The Ancient Audacity to Hope

Lara Schopp Articles, Tyler Heston, Youth Ministry

By Tyler Heston, Minister to Youth

It’s easy to be anxious in our world today. As November 2020 grows closer, our country is nervous about what’s next. Life as normal is coming to a halt across the globe as COVID-19 spreads. On top of these things and the plethora of personal concerns in our individual lives, many of us are still trying to think about how we can best respond to the predictions scientists have made about the growing uninhabitability of our planet. How can we work together to care for our planet and our climate among everything else?

While many of these concerns are new within our history as humanity, we as a species have long been anxious about the world in which we live. I’m currently taking a class on the Gospel of Matthew, and the course material has painted a clear picture of the world from which the scripture originated. We’ve learned about how the Gospel was likely written in the ancient city of Antioch, in modern day Turkey. Two thousand years ago, Antioch was home to something like 150,000 or 200,00 people; it was a small city by our standards today, but the city was squeezed into a small, two square miles, making it between three and six times as dense as New York City is today.
Poor people saw the most brutal side of this density; they also made up a majority of the population. The best scholarship suggests that only about 2 percent of the Roman population were the rich and elite and that nearly 70 percent of people were poor— struggling to meet their daily needs of food and shelter. Those in the middle may have enjoyed some sense of stability, but only few enjoyed any excess of food or money— they were nothing like the contemporary middle class. This all means that most of those who first read the Gospel of Matthew were poor people in an overpopulated, dirty city. They struggled for stability in their common lives (or for the lucky few, struggling to help those around them) and longed for the day of God’s kingdom, in which the rich would share their possessions with the poor (Matthew 19).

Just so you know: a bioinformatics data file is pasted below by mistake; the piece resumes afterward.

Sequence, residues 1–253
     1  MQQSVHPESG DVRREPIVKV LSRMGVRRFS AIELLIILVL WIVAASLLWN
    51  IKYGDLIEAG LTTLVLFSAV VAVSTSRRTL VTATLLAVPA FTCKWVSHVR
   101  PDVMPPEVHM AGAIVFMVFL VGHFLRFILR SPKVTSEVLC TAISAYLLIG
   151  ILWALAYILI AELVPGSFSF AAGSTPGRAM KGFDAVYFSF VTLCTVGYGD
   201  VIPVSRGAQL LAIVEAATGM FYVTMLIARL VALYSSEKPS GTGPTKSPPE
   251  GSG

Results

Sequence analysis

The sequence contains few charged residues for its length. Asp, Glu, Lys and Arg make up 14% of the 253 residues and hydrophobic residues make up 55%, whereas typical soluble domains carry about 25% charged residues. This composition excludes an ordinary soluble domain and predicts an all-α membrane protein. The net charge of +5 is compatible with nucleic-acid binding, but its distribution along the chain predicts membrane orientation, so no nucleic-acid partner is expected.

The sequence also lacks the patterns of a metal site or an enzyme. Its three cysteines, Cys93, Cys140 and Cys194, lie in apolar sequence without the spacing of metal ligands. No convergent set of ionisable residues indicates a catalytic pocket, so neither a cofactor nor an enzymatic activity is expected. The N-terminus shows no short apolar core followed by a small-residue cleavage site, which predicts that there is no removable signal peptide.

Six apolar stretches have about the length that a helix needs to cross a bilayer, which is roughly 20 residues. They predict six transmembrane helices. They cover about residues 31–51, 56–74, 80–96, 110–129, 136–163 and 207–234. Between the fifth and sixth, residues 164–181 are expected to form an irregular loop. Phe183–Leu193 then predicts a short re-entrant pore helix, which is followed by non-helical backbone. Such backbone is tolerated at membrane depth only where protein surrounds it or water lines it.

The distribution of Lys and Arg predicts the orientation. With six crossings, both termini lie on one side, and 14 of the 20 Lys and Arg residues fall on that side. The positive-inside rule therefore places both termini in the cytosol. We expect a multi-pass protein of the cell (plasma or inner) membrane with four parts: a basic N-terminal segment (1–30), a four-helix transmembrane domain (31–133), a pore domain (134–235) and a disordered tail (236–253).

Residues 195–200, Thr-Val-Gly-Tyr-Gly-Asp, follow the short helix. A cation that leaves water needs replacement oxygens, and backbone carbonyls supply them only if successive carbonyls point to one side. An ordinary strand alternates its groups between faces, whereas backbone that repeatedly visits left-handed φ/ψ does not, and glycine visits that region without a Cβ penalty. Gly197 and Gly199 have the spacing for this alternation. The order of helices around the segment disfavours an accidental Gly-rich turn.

The brutal economic landscape and other political turmoil created tense anxiety that was in the air as ancient Jesus-followers received and proclaimed the message of hope that centers our faith today. In a world ridden with destitution and disease, they spoke of God’s kingdom as like a mustard seed— a small thing that could grow into “the greatest of shrubs and becomes a tree, so that the birds of the air come and make nests in its branches.” (13:32). They spoke of resurrection— that the one who fed and healed people and preached about loving your neighbor, even your enemy, could not be defeated by death on a cross.

These words of resurrection and hope were, and still are, an audacious message. They are spoken not with ignorance to the things that make us anxious, from ancient to modern threats to survival and well being; they come from a deep knowing of how bad things can be. We each know ourselves how bad things can be. And we need a gospel, good news, for our world today. We need good news that while the things that make us anxious may indeed be things about which we should be concerned, the eternal kingdom of God that we read about in the Gospel of Matthew is indeed something that lives on, is with us today, and weaves with us and through us a better world for all people. (Matthew 28:20)